Summer means different things in different places.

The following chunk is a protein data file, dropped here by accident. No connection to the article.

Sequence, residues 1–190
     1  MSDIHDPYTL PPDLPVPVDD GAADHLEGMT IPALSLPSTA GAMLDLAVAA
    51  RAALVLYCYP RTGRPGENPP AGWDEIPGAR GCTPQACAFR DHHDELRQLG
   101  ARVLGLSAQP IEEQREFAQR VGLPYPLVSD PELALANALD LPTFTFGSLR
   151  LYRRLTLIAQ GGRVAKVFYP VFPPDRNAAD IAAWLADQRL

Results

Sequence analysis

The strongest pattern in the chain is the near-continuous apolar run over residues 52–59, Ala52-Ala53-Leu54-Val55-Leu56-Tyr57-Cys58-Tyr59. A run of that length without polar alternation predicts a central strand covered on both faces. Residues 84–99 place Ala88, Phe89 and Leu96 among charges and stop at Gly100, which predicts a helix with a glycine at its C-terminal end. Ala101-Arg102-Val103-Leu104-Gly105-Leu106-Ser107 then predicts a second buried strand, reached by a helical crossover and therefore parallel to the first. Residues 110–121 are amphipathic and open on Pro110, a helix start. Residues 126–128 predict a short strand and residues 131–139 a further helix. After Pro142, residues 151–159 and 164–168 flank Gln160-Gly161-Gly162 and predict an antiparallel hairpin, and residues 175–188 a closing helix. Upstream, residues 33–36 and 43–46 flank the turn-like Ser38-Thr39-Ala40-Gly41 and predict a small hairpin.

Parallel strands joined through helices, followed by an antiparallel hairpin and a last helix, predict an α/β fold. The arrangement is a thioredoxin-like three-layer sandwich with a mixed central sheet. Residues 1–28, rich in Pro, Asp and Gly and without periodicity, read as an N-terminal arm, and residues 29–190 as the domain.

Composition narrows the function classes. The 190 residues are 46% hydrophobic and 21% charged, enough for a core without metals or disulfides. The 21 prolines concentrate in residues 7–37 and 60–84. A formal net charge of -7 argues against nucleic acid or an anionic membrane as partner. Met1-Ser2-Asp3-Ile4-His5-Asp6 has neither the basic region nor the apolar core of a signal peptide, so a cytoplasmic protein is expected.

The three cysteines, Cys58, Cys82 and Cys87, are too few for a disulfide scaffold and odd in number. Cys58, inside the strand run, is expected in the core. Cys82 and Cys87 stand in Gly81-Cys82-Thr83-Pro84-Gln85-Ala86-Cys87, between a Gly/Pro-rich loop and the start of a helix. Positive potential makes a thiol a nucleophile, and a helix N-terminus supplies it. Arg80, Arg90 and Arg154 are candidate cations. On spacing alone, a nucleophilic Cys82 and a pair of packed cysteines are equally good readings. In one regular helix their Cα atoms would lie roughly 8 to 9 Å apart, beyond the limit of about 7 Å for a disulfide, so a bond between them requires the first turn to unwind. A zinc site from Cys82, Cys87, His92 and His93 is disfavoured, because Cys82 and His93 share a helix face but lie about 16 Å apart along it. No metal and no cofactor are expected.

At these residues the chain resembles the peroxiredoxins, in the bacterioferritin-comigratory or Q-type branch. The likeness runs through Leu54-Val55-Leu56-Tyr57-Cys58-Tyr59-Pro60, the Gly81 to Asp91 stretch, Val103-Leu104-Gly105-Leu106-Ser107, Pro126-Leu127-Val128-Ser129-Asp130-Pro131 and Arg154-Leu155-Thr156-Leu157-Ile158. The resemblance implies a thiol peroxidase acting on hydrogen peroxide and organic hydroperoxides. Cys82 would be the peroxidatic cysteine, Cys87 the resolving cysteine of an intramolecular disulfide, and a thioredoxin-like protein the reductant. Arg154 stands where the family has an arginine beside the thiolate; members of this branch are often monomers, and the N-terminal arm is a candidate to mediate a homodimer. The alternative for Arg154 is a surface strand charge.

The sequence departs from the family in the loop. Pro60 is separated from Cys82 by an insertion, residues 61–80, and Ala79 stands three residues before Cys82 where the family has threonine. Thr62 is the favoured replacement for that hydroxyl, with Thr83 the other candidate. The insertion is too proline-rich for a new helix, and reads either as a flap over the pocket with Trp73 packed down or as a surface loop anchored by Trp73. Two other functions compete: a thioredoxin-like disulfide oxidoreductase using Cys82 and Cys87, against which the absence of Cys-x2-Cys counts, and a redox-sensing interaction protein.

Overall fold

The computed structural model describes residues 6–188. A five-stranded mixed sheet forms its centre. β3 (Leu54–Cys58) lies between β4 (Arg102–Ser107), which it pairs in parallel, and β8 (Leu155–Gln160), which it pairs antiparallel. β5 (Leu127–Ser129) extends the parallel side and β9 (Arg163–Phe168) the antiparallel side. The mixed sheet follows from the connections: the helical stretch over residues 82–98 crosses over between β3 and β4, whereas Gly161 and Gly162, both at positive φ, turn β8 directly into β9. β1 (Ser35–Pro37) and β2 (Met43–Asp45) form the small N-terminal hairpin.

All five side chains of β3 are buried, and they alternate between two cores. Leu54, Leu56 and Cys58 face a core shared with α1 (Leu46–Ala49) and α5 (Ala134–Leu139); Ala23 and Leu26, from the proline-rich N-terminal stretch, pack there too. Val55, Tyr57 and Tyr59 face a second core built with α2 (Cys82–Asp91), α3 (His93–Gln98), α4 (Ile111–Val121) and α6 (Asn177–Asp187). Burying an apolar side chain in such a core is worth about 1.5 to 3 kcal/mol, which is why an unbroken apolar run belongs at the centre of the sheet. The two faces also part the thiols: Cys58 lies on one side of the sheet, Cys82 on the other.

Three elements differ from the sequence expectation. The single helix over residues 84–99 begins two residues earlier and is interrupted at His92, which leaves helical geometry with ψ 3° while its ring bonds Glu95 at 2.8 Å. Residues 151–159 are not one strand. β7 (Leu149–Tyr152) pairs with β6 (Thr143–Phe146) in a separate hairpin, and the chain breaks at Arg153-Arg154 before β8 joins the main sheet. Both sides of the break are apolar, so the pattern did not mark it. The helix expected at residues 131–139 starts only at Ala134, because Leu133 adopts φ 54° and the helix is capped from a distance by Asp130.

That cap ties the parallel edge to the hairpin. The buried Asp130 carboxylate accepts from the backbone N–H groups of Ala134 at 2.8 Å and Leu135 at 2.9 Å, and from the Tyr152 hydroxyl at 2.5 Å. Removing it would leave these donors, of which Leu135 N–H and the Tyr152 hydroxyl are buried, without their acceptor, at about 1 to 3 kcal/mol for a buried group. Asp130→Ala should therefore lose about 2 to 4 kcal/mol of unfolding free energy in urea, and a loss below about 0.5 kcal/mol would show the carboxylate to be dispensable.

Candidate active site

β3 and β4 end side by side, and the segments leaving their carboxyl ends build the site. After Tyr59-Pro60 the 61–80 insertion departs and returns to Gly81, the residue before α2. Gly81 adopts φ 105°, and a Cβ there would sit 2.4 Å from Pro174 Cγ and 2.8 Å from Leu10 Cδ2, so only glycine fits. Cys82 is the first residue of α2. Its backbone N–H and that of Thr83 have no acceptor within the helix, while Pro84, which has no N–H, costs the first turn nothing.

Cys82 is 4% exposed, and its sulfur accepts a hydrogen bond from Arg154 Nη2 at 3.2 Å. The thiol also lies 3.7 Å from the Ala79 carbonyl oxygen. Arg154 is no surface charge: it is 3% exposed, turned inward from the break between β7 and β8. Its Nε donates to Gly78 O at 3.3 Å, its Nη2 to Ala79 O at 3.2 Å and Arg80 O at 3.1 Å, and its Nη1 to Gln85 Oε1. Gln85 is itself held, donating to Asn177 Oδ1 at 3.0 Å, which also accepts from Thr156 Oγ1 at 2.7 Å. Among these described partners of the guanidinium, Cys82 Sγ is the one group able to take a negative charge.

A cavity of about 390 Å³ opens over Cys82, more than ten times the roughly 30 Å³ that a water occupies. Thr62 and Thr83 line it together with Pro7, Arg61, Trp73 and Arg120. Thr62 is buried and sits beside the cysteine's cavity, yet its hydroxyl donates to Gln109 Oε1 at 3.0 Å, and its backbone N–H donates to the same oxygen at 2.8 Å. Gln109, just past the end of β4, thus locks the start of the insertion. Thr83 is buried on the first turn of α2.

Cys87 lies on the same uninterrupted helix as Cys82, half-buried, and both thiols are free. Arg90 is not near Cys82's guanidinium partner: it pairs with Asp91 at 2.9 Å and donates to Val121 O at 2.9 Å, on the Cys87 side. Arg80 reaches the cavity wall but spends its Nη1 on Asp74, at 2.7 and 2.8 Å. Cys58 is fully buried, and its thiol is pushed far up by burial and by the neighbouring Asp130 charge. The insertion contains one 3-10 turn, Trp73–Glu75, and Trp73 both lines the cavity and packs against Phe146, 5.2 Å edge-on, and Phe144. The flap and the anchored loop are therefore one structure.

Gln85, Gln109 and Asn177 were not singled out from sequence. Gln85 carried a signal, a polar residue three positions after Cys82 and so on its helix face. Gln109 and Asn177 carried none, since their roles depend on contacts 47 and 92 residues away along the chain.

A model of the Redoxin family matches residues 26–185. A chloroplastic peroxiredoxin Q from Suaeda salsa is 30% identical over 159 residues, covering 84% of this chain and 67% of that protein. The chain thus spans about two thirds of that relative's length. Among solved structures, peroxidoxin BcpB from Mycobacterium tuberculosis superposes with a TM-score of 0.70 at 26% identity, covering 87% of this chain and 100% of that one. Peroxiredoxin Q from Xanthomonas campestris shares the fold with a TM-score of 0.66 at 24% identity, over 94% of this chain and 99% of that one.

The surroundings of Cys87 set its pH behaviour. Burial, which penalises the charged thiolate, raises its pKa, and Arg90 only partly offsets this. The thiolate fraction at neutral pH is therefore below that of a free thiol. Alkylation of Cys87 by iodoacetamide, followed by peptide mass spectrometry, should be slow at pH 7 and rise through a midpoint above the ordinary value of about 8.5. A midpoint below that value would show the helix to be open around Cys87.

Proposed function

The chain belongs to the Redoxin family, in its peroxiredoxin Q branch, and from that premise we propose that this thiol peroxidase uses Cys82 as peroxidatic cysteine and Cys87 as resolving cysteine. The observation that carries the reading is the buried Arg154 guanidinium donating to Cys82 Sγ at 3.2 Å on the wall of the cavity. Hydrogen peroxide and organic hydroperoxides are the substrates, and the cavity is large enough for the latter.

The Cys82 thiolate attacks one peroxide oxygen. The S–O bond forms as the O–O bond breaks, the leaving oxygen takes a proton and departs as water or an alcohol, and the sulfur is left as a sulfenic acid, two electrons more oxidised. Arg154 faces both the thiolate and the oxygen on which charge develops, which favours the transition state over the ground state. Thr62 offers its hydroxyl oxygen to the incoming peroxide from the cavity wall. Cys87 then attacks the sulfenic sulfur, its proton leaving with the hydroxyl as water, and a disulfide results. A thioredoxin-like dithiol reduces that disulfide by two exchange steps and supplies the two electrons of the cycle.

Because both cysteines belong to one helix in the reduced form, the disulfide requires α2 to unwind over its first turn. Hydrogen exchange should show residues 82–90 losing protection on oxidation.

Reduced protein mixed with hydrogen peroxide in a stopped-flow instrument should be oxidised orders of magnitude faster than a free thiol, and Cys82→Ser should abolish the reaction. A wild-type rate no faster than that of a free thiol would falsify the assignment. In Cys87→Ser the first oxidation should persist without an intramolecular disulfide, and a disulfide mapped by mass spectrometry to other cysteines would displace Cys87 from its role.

In Wisconsin, where the winters are longer and less hospitable, summers are celebrated with more intensity and appreciation than in southern climes. Summer here is a fugitive time, a time to seize the days and get outdoors, a time for fairs and festivals and refreshment. Do you like walleye, rhubarb, butter, strawberries, blueberries, cranberries? Cheese, cheese curds, brats, burgers, bluegrass, the blues, the circus? Kites, polkas, fiestas, old cars, old trucks, tractors, or hodags? If so, there's a summer festival somewhere in Wisconsin for you. Me, I like the long days and the cool nights and waking just before dawn to birdsong. And summer finds me on the softball field with the other old timers, playing our version of the national pastime, perhaps a step slower than last year but still stepping up to the plate. By the time this hits your mailbox, we will be late into a summer that I hope has been a respite after another long pandemic winter with all the related and unrelated challenges that face our state and our world. I hope this issue is a welcome diversion, an oasis of civil discourse. In this issue we look at the role researchers in Wisconsin are playing in fighting the pandemic, and efforts to combat climate change through carbon sequestration. We visit local one of the farms giving new meaning to farm-to-table. We explore monumental murals in Milwaukee and three artists whose work at mid-century helped establish the city as a place of international significance in the world of art and architecture. And if you’re looking for some good summer read, there’s new fiction and poetry by up-and-coming Wisconsin writers. So enjoy these fleeting summer months, and bring us along, wherever you go: the garden, the cabin, the park, the river, the lake, your own backyard. Let’s celebrate the seasonal riches of our state together—the natural world, the culture, the food, the people—those things upon which we can agree.